Home buyers are often faced with lots of jargon and unfamiliar terminology, so we thought we’d round up some of the most common terms and phrases into one handy guide.
Agreement in Principle
A document from your mortgage provider telling you how much they might be prepared to lend you. Also known as a Decision in Principle.
The amount you pay each year to borrow money. This reflects the interest on your loan and all other charges.
Money that’s owed and should already have been paid.
The interest rate set by the Bank of England (BBR), which is used as the benchmark by other financial providers when they’re setting their charges. This can have an impact on mortgage interest rates if the BBR moves up or down.
The amount you still have to repay on your mortgage.
A loan lent by your bank or another lender to cover the gap between two transactions, such as buying a property before your current home has been sold.
A specialist who can give you professional advice on mortgages. Some brokers work in estate agencies, while others may be independent.
When you’re buying a property, the buyer might want to arrange for a surveyor to inspect the building to identify any faults, structural problems and any other potential issues. This is different from the survey carried out for a mortgage valuation, which is carried out by the lender.
An insurance policy covering the cost of repairing or rebuilding your home if it suffers serious damage in a storm, fire, flood or other disaster.
An asset that can be used as a guarantee against a loan.
When the sale has been completed and you’ve become the legal owner of the property.
The date when the legal process of buying a house has been completed, the documents and funds have been distributed to the right people and the estate agent is told to give you the keys to the property.
An insurance policy covering items that aren’t attached to the property, such as furniture, appliances and personal possessions, in case they’re accidentally damaged or stolen.
An agreement between the buyer and seller outlining the terms and conditions of the sale. This will be drawn up by your Conveyancer or Solicitor.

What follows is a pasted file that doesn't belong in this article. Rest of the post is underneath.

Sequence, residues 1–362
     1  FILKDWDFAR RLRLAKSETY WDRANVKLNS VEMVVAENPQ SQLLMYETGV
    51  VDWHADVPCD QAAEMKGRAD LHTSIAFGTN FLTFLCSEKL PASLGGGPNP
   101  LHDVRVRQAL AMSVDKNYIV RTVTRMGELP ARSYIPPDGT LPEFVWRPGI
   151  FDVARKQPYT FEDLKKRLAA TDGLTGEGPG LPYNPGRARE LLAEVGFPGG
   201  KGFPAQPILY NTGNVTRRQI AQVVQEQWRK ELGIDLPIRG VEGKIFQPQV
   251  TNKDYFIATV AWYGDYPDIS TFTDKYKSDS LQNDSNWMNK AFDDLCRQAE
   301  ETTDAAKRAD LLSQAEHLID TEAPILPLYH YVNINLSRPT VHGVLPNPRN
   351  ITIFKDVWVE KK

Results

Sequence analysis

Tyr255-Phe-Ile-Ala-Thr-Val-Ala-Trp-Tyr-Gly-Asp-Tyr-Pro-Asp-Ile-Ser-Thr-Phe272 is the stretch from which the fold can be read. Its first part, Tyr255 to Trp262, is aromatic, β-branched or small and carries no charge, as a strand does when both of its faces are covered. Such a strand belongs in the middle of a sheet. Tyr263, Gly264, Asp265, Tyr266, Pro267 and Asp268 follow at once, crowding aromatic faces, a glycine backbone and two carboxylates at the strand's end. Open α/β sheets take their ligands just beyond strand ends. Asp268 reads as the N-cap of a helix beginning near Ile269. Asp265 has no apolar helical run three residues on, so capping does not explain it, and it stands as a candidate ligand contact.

The legal transfer of property from one owner to another.
A legal document stating who owns a property.
The amount of money a buyer is contributing to the purchase price. Usually a mortgage covers the rest.
The amount a property’s value declines by.
Extra charges that arise while you’re buying a property, such as Land Registry fees, search fees, Land and Buildings Transaction Tax and stamp duty. This money will be given to your Conveyancer or Solicitor and they’ll pay it to the relevant parties on your behalf.
An early version of your contract, covering details such as the agreed sale price of the property, the address and the names of the seller and buyer.
Early Repayment Charge (ERC)
If you switch to a different mortgage or pay off your mortgage while you are still in the ERC period, you may have to pay a sum to your lender. Some mortgage products have no ERC period.
The value of your property minus the amount that’s outstanding on your mortgage.
Exchange of Contracts
The point at which contracts are exchanged and you’re legally committed to completing the purchase.
An arrangement that gives you outright ownership of a property and the land it is standing on.
Fixed Rate Mortgage
A home loan with a fixed interest rate for a specified period, usually 2,3 or 5 years.
Fixtures and Fittings
Fixtures are items that are fixed to the property, such as walls, and fittings are items that aren’t attached, such as furniture.
Full Structural Survey
A comprehensive report on the condition of a property, looking at everything from the roof and walls to the plumbing, electrical wiring and drains. This could be crucial for anyone purchasing an older property.
When a seller accepts an offer from a buyer, but then accepts a higher offer from somebody else.
Somebody who guarantees to pay someone else’s loan or mortgage if they can’t afford to. For first-time buyers, this is often a parent.